The Chittums, who had forged more of a bond with Johnson, began sneaking Rebecca to see her behind the backs of the Rogerses. And with their custody petition preparing to go to court, Paula says, the Chittums began pressuring her to take sides. One day, Paula remembers, Rosa Chittum called from the car to talk about the pending case. The conversation ended cordially, but after hanging up, Paula's phone rang again. She picked it up and could hear Rosa talking with her grown daughter; the connection hadn't been broken. Her eyes fill with tears when she recounts how she overheard Rosa telling her daughter they had to "be nice to Paula" because of the impending court date. "I saw I was being used as a pawn," Paula concludes. "I had just found out the last three years of my life were a lie. And now the last three months I'd been living were a lie, too." A Chittum family spokesman insists that they were the pawns, and that Paula herself fueled the family feud by separately telling both the Rogerses and the Chittums that if they didn't go for custody of Rebecca, she would. The Buena Vista families ended up resolving their differences amicably out of court. Rebecca and her younger sister, Lindsey, would spend Monday through Thursday with the two sets of Rogers grandparents, and the weekend with the Chittums. They called Paula and offered her one weekend a month with Rebecca. Not enough, Paula replied. There was no counteroffer, and the visits back-and-forth became more sporadic. "Callie started coming home from visits there telling me her name wasn't Conley, it was Chittum, and that Carlton wasn't her dad, Daddy Kevin was," Paula says. Kevin's birthday had been the same day as his youngest daughter Lindsey's, and the family had always celebrated them together. Callie was in Buena Vista when the date came around for the first time since Kevin's death. "They had a birthday party for their children who are deceased," Paula says. "I did not think it was appropriate for Callie to be there. I think Rose used Callie to get through it. That's Rose's connection to her deceased son. She uses Callie as a bridge to get over." Rosa and Larry Chittum routinely decline all interview requests; friends and relatives say Rosa is terrified of Paula Johnson and the power she now wields over her family. Relations so deteriorated that on one visit to Buena Vista, Paula stuffed a tape recorder down her blouse and members of the Chittum family videotaped her every move. They blocked her car in their driveway for fear she might snatch Rebecca and flee. When the Buena Vista families accepted a settlement worth approximately $2 million from U-Va., Paula was livid. She went to court in a futile bid to block the agreement on grounds that, as Rebecca's mother, any settlement on Rebecca's behalf must be approved by her. "It was divide and conquer," lawyer Cynthia Johnson would lament. "All the university has to do now is sit back and watch everyone fight." U-Va. made the same settlement offer to Paula Johnson, but she rejected it, and added another lawyer to her team: John Blakely, the Florida attorney who had helped negotiate multimillion-dollar settlements for Kimberly Mays and her biological parents. Johnson filed suit against U-Va. for $31 million, claiming in part that her civil rights had been violated when she was deprived of the opportunity to raise her own child. She sued the manufacturer of the baby identification bracelets for another $12 million. She named herself, not Callie, as plaintiff. Johnson vows never to accept any settlement on Callie's behalf, because Callie herself has until her 10th birthday to file a medical malpractice claim and until she is 20 to pursue any other suit related to the switch. "Then and only then can Callie get up and say what the impact of this has been on her life and what it would take to set it right," Johnson insists. Two weeks after the Buena Vista families settled with U-Va., Johnson informed them that she was cutting off all contact on advice of counsel. If she couldn't see Rebecca, they couldn't see Callie. The Chittums petitioned for visitation rights. By summer, the only place the families would see each other was the one place they had promised to avoid: a courtroom. Last July, after losing a bid to change the venue of one of the hearings from Buena Vista to Stafford County, where she now lives, Johnson emerged from court in tears, red-faced and raging. For the first time, she publicly vowed to reclaim Rebecca: "That's my child and I want her home with me!" "Well, you've got our child," a Chittum aunt ventured back. "No!" Johnson screamed. "Your [expletive] children are [expletive] dead and it's time you [expletive] came to grips with that!"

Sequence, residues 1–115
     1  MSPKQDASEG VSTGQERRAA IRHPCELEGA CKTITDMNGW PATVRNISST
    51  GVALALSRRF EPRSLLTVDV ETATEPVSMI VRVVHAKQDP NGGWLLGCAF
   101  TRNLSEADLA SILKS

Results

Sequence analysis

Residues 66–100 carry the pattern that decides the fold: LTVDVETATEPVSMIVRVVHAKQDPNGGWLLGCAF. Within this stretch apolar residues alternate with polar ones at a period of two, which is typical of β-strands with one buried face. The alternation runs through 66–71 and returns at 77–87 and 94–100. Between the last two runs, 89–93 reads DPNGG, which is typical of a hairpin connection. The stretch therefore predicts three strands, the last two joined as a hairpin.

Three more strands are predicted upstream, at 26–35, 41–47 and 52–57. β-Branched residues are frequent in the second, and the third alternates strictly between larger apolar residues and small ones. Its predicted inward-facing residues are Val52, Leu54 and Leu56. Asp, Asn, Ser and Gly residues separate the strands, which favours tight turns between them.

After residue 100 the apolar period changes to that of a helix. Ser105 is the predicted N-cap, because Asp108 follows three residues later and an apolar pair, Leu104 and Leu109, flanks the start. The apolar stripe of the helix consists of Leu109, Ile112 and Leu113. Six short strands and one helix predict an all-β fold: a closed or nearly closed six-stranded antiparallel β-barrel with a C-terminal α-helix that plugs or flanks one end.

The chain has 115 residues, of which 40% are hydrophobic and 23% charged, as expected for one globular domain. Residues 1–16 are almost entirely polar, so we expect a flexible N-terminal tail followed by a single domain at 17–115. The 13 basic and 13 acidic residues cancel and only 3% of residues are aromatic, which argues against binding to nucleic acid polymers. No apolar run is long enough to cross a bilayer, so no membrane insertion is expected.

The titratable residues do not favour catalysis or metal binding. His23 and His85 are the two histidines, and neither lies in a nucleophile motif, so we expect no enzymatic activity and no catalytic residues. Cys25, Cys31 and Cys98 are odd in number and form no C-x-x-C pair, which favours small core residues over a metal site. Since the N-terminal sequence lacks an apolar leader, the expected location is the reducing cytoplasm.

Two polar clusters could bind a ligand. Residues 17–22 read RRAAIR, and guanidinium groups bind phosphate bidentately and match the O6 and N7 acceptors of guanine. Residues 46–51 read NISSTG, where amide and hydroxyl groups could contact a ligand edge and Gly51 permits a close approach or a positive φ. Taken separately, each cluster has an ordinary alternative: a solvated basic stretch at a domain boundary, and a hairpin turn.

She is both likable and hateful, a victim with serrated edges. "Yeah, I'm a greedy bitch," she says, mocking the many foes who believe her every move is designed to maximize the monetary damages she hopes to collect. Gregory Lucyk, the senior litigator in the attorney general's office defending U-Va., refers to her anguish as "this charade." Johnson is unfazed. "They can say whatever they want, but they still switched my baby."